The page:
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Asking the right questions when taking notes

edited November 15 in Writing

Hi all,

I find that I have these great ideas in my head but it becomes a challenge at times transferring those thoughts on paper.

The same issue goes for taking notes. I often pose questions about the subject I am reading. But what are the “correct” questions I sometimes ask myself.

Can anyone recommend a book on the subject.
I heard lots about Getting Things Done but wanted to know if others had other critics thinking methods.

Post edited by sfast on

Comments

  • @masterful

    I don't think I understand the problems well. Here are my interpretations:

    1. You struggle to write about ideas you come up with.
    2. You want to know what are the right questions to ask while reading.

    Are they right?

  • edited November 14

    Specifically to the discussion's title, "How to take smart notes" has a list of questions for note taking. They cover both your own ideas and those you read about. You mentioned before you have (had?) the book so that might be helpful. I'd simply compare these questions with your own and see if they match up.

    GTD has its focus on todo lists rather than note taking. Thinking tools is yet another big topic. You can mix and blend but this doesn't seem to be what you're looking for...

    Post edited by zk_1000 on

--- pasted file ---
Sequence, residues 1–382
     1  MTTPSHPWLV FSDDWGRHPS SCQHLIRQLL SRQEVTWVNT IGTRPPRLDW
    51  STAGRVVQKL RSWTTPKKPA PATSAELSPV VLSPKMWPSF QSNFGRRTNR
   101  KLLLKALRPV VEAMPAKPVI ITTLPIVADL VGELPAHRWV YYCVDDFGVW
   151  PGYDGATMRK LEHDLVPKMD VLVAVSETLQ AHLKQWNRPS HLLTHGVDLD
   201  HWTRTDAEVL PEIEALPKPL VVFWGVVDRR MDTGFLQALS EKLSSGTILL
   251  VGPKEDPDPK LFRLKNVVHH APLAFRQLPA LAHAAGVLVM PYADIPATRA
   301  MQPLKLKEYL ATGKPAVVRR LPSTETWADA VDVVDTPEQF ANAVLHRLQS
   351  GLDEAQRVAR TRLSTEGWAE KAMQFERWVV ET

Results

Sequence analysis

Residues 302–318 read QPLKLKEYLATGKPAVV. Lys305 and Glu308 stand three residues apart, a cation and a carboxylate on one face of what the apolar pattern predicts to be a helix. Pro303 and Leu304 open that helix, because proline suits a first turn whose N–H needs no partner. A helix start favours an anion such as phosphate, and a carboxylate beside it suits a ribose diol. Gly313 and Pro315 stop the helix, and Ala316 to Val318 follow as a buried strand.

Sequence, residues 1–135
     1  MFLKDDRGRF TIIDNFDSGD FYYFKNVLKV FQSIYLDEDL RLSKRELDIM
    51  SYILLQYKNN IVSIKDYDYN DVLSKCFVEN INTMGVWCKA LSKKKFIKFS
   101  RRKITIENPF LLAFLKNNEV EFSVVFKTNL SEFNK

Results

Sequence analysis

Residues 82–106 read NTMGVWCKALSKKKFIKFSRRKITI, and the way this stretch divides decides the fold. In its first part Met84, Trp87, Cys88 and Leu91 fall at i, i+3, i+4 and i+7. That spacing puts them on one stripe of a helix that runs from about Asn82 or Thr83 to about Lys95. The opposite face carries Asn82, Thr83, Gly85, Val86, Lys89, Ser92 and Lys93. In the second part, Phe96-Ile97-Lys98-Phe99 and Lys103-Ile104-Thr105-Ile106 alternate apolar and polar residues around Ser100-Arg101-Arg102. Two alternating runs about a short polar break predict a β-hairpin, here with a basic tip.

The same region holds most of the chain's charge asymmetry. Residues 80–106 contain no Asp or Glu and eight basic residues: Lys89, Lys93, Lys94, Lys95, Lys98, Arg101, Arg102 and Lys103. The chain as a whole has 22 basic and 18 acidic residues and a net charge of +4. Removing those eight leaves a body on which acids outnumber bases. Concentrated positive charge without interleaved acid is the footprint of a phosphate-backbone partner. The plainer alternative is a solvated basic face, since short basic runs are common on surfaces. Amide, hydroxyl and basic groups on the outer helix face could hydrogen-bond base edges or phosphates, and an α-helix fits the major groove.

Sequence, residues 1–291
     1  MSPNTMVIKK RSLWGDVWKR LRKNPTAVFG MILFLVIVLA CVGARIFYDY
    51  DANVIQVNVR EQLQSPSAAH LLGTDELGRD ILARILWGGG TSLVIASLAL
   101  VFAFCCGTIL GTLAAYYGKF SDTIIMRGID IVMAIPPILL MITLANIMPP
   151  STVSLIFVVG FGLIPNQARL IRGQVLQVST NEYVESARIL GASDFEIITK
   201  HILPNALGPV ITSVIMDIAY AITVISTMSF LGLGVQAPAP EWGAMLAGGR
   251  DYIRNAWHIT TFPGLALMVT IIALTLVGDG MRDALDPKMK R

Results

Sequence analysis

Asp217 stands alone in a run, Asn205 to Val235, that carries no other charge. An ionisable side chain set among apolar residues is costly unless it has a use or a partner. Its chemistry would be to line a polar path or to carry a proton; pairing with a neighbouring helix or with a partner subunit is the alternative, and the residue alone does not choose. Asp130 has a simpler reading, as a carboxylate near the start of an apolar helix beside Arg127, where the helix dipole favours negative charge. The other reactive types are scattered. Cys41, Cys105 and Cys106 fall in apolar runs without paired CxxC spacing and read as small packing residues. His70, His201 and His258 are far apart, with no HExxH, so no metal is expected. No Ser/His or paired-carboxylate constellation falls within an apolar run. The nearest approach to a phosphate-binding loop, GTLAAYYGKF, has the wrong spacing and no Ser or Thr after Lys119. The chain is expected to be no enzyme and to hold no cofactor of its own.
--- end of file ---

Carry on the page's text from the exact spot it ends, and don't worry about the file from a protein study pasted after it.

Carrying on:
my first Zettel uid: 202008120915

  • @Annabella_Zelsky said:
    @masterful

    I don't think I understand the problems well. Here are my interpretations:

    1. You struggle to write about ideas you come up with.
    2. You want to know what are the right questions to ask while reading.

    Are they right?

    Hi annabelle , yes that’s correct.
    I didn’t formulate my question properly.

    Just wanted to know if there are other books that people can recommend. I read the blog posts by sacha about writing. Very good stuff.

    I sometimes get blocked by translating what’s in my mind to writing it on paper. It’s so clear in my mind and at times doesn’t translate well.

  • @masterful

    Don't worry about the formulation. I too deal with that. Just look at the discussions I opened. The actual questions or problems show up several comments later, haha.

    I have a few books in my shame list that I haven't read, but you might find them useful. They are:

    • New Directions in Writing Theory by John R. Hayes
    • How to Write a Lot: A Practical Guide to Productive Academic Writing by Paul J. Silvia
    • How to Write a Thesis by Umberto Eco

    I'll probably burn down the list, though.

    I'm not sure what your approach is, but I'd like to make the suggestion anyways. Go for the sword in the stone and don't bother about all the gold lying around. In other words, look for the solution to your problem. Don't pay too much attention to other stuff. It may look nice, but it's usually a waste of time. At least that's how I do it and it pays off.

  • Can second the recommendations for "How to Write a Lot" and "How to Write a Thesis" (from today's perspective, in that order. Very practical books.

    Author at Zettelkasten.de • https://christiantietze.de/

  • How to Write a Lot might be the best book on non-fiction writing I ever read.

    I am a Zettler

  • @Annabella_Zelsky No worries, I have multiple lists of book recommendations on writing that I've yet to read

  • @masterful

    Don't show me that. :cold_sweat: Beware of the Collector's Fallacy. It hurts so much, man. I'm dealing with a backlog right now. Good thing that I erased my books list. Less to deal with.

    Good luck with your reading. I hope you do better than me!

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